NS And they’re all doing it. But, actually, I would say they’re not doing it as wholeheartedly as the team here is doing it. It’s always said we did it in that [non-chronological] way because we didn’t have such a strong collection as MoMA, and if we’d done a simple chronological hang we’d have been exposed as having a weak collection. There’s a degree of truth in that. But the fundamental reason was because we wanted to explore the new relationships between the present and the past.

SS Do you think it was too complicated for most of the people coming through the doors, and now it’s slightly less so – you’re giving them story as well as theme?

NS There is a little bit of story now. I think the principal difficulty with the scheme, the original scheme, was that it depended very strongly on the relationship from one room to the next. And as soon as you took out some pieces of the jigsaw the whole narrative disintegrated. And I think that we’ve learnt now that you have to have a greater degree of flexibility that allows you to take pieces in and out, and yet keep a sense of the whole. And give people still a sense of where they’re moving forward or back in time.

SS You’ve had some wonderful temporary exhibitions over the years. Can you give us a sense of some of the things that made you, since you don’t want to be satisfied, like all perfectionists, happiest?

NS I suppose you have to begin with Matisse Picasso [2002]. Incredible collaboration with the Pompidou and with MoMA, bringing together these two great artists of the 20th century, gladiators, incredibly conscious of what each other was doing at any given moment.

Or the Hélio Oiticica exhibition [2007], an exhibition that sadly will now never be able to be made again because so many of the works were destroyed tragically in a fire last year in Rio. He was an incredible pioneer, Brazilian, who worked in London in the late 1960s, early 1970s.

SS Has the relative, I won’t say inflexibility, but relative modesty of the space you’ve got available for temporary exhibitions been a frustration? You’re now seeking more space in the new building that is going to happen?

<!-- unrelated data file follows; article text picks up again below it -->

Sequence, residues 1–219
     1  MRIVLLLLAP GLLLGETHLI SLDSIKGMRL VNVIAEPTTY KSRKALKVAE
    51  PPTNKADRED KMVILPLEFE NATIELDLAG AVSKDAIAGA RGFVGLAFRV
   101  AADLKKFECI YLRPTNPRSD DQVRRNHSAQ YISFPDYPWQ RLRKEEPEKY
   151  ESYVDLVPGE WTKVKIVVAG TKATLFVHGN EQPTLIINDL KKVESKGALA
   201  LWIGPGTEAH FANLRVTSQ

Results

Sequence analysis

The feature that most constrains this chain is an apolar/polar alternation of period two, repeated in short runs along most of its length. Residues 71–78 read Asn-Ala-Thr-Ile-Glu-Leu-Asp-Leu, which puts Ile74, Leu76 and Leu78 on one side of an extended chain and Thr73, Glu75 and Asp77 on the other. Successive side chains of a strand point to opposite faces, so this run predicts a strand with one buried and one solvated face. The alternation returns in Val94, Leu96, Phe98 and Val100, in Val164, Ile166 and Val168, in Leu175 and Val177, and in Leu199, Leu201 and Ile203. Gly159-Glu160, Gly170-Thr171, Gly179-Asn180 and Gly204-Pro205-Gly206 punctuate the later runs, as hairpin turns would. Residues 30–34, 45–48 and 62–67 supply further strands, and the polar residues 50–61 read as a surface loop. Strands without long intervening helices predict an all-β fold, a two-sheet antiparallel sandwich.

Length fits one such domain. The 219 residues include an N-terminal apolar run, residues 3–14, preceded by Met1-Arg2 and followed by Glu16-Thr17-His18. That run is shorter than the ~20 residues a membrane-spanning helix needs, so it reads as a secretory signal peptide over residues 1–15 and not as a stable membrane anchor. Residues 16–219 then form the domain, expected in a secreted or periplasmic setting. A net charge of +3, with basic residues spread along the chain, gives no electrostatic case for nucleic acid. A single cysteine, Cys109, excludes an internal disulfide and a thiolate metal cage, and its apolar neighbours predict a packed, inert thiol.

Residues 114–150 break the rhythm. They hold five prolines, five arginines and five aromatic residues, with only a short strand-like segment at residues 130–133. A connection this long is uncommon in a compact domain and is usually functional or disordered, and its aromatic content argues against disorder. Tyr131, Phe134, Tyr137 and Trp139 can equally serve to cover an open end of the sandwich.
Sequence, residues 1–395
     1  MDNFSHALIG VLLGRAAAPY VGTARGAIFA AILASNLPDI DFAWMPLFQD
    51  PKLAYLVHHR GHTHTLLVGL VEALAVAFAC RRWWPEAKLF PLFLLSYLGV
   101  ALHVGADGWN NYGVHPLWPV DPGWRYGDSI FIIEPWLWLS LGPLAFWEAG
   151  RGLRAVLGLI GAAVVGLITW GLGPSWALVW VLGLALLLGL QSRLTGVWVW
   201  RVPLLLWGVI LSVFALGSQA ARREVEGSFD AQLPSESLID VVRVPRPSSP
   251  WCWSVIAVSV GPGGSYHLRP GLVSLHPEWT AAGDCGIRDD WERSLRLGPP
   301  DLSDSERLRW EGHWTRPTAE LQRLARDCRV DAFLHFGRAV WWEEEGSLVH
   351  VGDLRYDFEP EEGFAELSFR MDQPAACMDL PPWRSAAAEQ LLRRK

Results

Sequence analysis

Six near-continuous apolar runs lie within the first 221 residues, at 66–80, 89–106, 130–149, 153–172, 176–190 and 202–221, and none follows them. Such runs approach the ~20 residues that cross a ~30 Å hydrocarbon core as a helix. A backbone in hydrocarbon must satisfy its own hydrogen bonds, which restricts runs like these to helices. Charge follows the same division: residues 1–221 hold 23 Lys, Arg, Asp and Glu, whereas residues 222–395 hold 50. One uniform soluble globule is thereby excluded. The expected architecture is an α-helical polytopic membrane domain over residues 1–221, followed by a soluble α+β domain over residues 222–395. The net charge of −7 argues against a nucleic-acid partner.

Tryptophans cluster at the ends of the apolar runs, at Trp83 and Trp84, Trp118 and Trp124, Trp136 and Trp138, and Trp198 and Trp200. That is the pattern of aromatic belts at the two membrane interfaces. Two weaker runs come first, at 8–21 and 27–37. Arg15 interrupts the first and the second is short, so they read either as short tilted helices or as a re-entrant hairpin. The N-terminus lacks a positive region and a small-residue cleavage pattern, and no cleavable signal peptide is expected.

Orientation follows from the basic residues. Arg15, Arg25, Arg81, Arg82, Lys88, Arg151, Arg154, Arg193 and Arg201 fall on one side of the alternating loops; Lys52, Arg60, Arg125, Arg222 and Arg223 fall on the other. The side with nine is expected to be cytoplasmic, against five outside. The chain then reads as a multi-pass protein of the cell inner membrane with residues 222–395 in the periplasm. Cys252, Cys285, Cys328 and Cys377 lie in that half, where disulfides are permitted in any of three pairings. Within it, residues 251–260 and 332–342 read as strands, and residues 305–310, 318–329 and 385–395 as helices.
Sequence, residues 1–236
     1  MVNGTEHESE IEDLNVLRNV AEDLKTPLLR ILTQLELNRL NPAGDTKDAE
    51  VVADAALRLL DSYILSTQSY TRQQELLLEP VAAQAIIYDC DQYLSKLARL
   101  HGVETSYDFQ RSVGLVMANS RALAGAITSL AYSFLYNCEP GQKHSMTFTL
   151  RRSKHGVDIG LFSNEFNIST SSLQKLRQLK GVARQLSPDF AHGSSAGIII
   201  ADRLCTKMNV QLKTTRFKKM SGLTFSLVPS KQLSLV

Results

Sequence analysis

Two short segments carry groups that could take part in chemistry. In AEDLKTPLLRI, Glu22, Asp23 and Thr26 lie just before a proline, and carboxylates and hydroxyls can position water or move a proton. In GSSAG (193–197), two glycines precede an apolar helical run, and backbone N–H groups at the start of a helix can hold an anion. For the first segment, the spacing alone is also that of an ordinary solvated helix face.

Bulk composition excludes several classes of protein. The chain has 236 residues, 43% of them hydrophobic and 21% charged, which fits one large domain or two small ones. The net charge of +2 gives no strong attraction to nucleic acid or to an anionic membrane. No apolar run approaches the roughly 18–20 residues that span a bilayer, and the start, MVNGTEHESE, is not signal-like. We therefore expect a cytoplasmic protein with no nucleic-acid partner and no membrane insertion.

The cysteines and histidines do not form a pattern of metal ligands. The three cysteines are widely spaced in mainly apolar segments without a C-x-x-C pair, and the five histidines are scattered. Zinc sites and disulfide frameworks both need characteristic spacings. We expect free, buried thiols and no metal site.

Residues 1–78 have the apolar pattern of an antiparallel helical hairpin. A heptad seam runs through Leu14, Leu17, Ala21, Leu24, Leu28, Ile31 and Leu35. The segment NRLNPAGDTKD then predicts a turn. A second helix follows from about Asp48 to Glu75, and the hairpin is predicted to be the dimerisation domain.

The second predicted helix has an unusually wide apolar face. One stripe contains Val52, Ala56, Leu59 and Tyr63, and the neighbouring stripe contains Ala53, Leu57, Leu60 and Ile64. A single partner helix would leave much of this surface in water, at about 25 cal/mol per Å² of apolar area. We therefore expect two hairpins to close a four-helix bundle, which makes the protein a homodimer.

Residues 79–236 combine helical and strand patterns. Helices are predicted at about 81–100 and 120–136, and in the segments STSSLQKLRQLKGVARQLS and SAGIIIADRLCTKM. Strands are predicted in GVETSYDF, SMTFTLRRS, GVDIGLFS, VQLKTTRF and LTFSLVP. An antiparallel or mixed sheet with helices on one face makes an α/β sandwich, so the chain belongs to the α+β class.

NS The new building will give us a more open and flexible space for temporary exhibitions. But we won’t significantly increase the number of exhibitions that we do. It will give us great new spaces for learning.

JD Could you describe the new building? It’s an addition to the back of this existing building; what sort of proportion of this space is it?

NS It will sit on the south side, the side everyone currently neglects, because they think of Tate Modern as facing the river. But my guess is that when we do this extension the whole way in which the building works will change. That is because you’re going to be able to walk through the building, and then across [the river Thames using] the Millennium Bridge, 12 hours a day. People will use it as a short cut, a way of moving through the city. So it will become a part of the city in a different sense.

It’s an entirely new structure, designed by Herzog and de Meuron. It’s very unusual, actually, that a building is extended by the same architects who designed it ... Normally you fall out with your architect, you swear never to use him again. We’ll also have these remarkable spaces below ground, off the Turbine Hall, these oil tank spaces. There were originally three oil tanks built below the lawns on the south side, 60ft across, 25ft high, great cylinders of space below the ground.

SS Expecting to have a phone call from Richard Serra immediately?

NS I thought Richard would love to work in there.

JD Is it going to be ready for our Olympic year?

NS We’re certainly going to have those tanks open in time for the Olympics in 2012, yes. The building will follow on from that and gradually emerge over the next two or three years, depending on how we get on with our fundraising. We need to raise just over £200m; we’ve raised £75m so far. But I think we should be in a position to announce some more funding soon. We broke ground in January and we’ve started work on the foundations of the building.

SS Can you say something about what you see happening then over the next five years both to Tate Modern generally and to contemporary art in Britain? There’s no sense that contemporary art has shot its bolt and is running out of ideas; it doesn’t feel that way to someone flying in from New York.

NS No, I think that London is as vital as it has been at any time. And I think the interesting thing is the influx of people from abroad ... there’s [been] a much more open attitude to the world at large in London over the past 15 years. It’s just endemic within the system now that we look across the world, rather than thinking about just little Britain or indeed even smaller Europe. So what you’ll see at the Tate in particular is Ai Weiwei, Chinese artist, in the Turbine Hall this year, artists from the Middle East and north Africa; artists from sub-Saharan Africa and from Latin America. I think we will be much more genuinely international over the next five years. That’ll be the big change.

A fuller video version of this interview can be found at www.tate.org.uk